30 January 2008


In this New York Times story, author Paul Lukas glorifies a New Jersey custom known among the locals as a "beefsteak." As Lukas informs us, a "beefsteak" is a raucous sexist feeding frenzy where 350 (all white) men sit shoulder to shoulder at long tables and gorge themselves on beefsteak soaked in a blood and butter sauce. Harkening back to a more primitive time, the men proudly dispense with silverware and savagely compete to see who can consume the most flesh with their bare hands. This testosterone-laden spectacle would only be complete if, at the end of the melee, these sated men sat in a big circle and banged on their drums (think Iron John). Lukas also reports that these beefsteaks "are popular as political meet-and-greets, annual dinners for businesses and civic groups, and charity fundraisers." "Charming little events, really"—that's the impression one gets from Lukas's article.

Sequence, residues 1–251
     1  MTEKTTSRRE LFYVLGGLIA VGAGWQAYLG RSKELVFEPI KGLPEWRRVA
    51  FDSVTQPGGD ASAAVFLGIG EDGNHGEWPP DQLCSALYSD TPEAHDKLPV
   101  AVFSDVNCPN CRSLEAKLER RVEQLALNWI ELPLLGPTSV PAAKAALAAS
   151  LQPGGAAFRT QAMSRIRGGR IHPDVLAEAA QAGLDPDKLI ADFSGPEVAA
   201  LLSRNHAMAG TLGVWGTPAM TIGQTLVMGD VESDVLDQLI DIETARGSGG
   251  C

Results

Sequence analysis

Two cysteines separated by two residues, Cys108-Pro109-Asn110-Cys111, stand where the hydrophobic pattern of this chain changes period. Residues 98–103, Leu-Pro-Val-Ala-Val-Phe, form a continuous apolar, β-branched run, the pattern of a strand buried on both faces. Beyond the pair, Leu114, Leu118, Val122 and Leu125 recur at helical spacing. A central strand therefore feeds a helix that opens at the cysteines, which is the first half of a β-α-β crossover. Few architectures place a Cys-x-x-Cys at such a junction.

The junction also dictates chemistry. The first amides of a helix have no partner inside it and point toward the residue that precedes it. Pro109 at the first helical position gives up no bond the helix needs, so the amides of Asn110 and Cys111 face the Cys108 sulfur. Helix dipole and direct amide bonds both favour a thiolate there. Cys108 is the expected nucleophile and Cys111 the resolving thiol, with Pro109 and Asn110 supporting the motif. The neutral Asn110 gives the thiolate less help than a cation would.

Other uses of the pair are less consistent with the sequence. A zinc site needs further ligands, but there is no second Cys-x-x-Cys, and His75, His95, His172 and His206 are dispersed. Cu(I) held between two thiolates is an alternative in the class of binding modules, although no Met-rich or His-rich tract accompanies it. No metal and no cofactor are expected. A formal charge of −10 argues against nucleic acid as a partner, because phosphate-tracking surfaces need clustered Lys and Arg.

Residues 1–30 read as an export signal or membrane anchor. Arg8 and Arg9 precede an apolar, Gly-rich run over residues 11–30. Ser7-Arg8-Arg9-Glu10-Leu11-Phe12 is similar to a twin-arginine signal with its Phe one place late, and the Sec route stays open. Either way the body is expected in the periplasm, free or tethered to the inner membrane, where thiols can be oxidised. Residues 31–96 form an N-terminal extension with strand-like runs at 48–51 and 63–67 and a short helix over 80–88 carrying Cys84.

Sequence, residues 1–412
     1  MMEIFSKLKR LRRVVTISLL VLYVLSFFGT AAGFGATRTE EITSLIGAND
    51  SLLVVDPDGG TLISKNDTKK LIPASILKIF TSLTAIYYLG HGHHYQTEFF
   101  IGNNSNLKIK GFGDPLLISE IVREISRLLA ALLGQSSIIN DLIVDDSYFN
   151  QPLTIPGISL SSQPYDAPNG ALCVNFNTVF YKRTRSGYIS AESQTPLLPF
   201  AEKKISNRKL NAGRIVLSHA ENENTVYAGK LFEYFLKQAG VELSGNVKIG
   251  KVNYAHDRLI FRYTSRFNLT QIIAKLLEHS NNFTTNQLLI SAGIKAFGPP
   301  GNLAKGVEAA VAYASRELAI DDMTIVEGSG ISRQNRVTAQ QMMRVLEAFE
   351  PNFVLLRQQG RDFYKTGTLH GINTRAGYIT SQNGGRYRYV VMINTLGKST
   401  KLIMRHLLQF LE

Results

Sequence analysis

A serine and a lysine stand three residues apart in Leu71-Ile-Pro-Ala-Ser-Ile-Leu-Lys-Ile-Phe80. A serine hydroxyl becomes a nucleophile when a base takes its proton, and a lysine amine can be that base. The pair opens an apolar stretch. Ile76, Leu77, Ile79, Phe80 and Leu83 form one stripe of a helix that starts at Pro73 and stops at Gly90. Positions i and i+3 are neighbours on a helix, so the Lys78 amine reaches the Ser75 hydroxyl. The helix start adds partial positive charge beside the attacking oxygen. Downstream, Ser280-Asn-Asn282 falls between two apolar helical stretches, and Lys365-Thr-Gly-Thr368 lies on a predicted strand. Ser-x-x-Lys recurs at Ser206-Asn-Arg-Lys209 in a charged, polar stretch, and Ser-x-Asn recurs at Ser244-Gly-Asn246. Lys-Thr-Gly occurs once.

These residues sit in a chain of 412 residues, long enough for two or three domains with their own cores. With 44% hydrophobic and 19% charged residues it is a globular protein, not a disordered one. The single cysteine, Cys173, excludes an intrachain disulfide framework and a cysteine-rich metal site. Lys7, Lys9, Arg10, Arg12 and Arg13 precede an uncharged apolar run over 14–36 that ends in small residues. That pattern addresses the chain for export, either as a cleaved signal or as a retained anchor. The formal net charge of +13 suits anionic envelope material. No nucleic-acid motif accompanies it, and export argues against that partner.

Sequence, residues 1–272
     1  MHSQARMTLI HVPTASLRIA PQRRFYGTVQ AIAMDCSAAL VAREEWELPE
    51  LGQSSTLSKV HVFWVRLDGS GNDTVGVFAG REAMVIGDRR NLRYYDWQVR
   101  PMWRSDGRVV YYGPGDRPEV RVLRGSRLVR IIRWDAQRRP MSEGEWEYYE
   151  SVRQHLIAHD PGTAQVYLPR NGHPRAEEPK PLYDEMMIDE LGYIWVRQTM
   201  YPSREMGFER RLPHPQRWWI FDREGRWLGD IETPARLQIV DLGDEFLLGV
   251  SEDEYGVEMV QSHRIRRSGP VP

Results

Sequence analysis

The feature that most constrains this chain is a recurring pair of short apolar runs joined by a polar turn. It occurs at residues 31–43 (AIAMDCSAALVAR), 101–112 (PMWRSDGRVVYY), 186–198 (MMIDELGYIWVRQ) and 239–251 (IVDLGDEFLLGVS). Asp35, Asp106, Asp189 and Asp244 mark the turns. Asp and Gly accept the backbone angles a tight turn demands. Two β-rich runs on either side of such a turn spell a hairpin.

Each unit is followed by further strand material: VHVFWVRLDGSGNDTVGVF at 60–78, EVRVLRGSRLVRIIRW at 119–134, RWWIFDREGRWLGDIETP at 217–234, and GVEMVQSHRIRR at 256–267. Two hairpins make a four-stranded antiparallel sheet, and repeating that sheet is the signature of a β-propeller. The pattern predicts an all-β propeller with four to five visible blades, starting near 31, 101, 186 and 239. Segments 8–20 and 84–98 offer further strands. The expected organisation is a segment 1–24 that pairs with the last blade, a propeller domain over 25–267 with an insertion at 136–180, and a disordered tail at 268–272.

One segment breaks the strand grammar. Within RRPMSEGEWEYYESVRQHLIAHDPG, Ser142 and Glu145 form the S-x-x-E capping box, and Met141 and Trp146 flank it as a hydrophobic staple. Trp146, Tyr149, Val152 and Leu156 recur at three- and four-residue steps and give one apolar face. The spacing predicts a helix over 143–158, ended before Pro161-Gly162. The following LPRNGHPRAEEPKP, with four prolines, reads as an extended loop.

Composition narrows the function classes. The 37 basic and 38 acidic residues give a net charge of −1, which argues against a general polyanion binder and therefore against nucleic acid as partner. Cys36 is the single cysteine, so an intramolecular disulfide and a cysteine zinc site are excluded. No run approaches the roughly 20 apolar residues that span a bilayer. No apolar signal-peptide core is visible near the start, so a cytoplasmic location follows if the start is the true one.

Whatever happened to gluttony being one of the seven deadly sins? Did it somehow get dropped off the list without my realizing it? Is that why Americans are so fat? Is the gluttonous sexist beefsteak food orgy really the sort of tradition that should be nostalgically celebrated and encouraged in print? With 30% of Americans being morbidly obese and another 30+% being seriously overweight, with 50% of Americans suffering from coronary artery disease, with red meat increasingly linked to colorectal, esophageal, liver, and lung cancers, perhaps it's time that beefsteaks go the way of the Edsel. Self-interested health considerations aside, wouldn't it be better and fairer to celebrate and encourage "political meet-and-greet" events that are open to both men and women? (According to Lukas, about 25% of these beefsteaks remain male-only affairs.) As for charity fundraisers, they don't have to support animal cruelty on a massive scale to be effective. There are many alternative, equally effective, charity fundraisers (e.g., walkathons, bikeathons, raffles, art auctions, benefit concerts, etc.) that don't involve the callous disregard of animal interests. These latter fundraisers are the types of events that ethically-minded individuals should be celebrating and encouraging both in print and in practice. If you care about animals, refuse to support charities that support animal cruelty. A list of humane charities can be found here.

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